Published on Fri, 11/02/2012 - 13:19
From Inc. Magazine:
"You won't find apps or Angry Birds here. Check out five ambitious companies pursuing big, bold ideas.
Published on Tue, 10/02/2012 - 00:00
Award-winning Tech startup Xandem has been causing quite a stir with its motion sensor system that ‘sees through walls’. The US-based company produces plastic nodes the size of credit cards that can be embedded in walls or even furniture – meaning you end up with an invisible security system.
“The demand came for a completely invisible means to detect presence,” says Nathan Williams, director of Redwood. “The project required that even with a very high specification of smart home, very little technology should be on show due to the interior design implications.
Published on Tue, 07/31/2012 - 17:10
SALT LAKE CITY—Xandem is a startup company based here that’s attracted some mainstream media attention and technical awards, as well as interest among some security integrators who think the company’s motion sensor system may solve some common security problems.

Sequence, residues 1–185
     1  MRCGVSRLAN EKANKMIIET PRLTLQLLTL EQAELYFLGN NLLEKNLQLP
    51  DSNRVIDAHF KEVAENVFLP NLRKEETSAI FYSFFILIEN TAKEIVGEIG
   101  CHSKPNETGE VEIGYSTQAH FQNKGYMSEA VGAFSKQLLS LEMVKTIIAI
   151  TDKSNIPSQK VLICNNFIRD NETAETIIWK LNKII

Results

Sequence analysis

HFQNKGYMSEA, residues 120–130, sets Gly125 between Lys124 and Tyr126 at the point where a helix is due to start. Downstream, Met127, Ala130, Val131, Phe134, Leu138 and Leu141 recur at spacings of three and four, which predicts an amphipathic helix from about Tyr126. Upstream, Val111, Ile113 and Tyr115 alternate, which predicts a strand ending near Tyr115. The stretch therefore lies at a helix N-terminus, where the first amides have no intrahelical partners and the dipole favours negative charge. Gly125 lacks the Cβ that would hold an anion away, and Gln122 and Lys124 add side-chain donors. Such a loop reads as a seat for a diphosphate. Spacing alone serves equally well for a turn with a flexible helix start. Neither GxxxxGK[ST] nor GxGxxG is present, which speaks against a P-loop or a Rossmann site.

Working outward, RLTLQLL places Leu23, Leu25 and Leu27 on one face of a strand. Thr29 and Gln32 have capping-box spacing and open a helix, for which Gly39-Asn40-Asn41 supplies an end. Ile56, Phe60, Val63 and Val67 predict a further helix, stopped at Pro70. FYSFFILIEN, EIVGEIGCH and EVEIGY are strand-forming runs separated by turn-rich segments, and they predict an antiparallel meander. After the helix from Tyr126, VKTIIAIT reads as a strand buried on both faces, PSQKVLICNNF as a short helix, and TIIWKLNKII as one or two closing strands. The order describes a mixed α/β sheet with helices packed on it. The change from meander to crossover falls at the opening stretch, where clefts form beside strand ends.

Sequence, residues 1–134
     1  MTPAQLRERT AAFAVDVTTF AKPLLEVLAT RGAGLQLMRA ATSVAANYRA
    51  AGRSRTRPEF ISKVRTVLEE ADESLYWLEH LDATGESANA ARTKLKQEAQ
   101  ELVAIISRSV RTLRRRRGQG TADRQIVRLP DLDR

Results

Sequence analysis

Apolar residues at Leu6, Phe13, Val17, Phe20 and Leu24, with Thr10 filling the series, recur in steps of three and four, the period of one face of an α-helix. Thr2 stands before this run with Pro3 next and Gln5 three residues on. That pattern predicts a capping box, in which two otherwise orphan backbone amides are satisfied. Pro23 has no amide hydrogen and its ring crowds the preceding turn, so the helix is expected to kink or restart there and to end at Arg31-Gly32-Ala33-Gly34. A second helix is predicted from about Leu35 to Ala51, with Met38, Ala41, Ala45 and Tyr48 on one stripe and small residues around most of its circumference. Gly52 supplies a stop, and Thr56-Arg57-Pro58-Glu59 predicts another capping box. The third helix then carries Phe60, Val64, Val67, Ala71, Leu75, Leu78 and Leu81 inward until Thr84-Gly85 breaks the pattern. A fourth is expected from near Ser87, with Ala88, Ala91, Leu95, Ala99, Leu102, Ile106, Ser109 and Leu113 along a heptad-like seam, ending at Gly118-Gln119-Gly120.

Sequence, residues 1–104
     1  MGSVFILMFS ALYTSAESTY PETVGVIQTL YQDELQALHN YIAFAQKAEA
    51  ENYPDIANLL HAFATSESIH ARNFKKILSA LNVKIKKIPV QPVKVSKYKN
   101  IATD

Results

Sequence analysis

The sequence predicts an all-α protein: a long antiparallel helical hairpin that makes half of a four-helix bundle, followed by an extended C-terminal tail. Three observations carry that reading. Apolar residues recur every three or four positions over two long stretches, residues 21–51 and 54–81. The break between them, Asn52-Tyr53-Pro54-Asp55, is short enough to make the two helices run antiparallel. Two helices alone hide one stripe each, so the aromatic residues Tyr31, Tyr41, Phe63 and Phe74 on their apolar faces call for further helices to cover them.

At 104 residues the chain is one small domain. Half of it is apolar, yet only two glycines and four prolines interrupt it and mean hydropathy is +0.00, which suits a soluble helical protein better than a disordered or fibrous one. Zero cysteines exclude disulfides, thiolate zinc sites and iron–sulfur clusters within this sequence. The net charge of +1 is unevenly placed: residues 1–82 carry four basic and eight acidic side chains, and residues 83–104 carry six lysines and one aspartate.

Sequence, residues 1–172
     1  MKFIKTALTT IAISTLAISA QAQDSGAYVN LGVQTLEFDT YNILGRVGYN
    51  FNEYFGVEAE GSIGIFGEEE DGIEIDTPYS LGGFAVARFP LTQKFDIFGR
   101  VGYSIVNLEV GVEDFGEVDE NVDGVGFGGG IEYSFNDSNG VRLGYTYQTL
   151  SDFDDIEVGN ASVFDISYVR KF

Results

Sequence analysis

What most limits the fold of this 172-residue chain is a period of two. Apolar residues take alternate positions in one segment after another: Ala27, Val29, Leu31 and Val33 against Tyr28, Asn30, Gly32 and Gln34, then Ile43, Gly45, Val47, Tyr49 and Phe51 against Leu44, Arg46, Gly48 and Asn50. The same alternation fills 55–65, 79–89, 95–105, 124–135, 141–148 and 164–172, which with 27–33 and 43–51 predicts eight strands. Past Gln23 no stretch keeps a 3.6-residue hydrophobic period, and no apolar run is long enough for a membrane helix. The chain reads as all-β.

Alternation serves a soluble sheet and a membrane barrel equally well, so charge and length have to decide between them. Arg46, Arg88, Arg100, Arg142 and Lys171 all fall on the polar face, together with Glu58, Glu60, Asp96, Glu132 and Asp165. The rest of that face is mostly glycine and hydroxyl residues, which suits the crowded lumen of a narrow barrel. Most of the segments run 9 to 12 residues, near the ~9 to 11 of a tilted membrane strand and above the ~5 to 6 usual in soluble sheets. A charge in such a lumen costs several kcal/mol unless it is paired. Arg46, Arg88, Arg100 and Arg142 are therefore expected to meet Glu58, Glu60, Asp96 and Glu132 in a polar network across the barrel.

Xandem makes playing-card-sized plastic nodes that can be embedded in walls, beams or furniture. The nodes form a mesh connection of sensors that can detect motion “through” walls, furniture and other obstacles.
Published on Thu, 04/19/2012 - 09:17
(CNNMoney) -- Imagine a real-life version of Harry Potter's magical Marauder's Map, which showed the location of everyone prowling throughout Hogwarts castle. That's what startup Xandem is building: a new kind of all-seeing motion-detection system that's poised to shake up the security market.
Published on Tue, 07/05/2011 - 22:05
Xandem was recently mentioned as an example of the University of Utah's ability to commercialize new technologies.
"The technologies driving the new businesses are developed by students working under faculty guidance. Case in point: Joey Wilson, who graduated with a doctorate in electrical engineering last year, is now the CEO of Xandem—a company he started in 2009 while attending U of U. The radio-wave technology he developed allows the company's customers to see through walls.
Published on Thu, 10/15/2009 - 00:00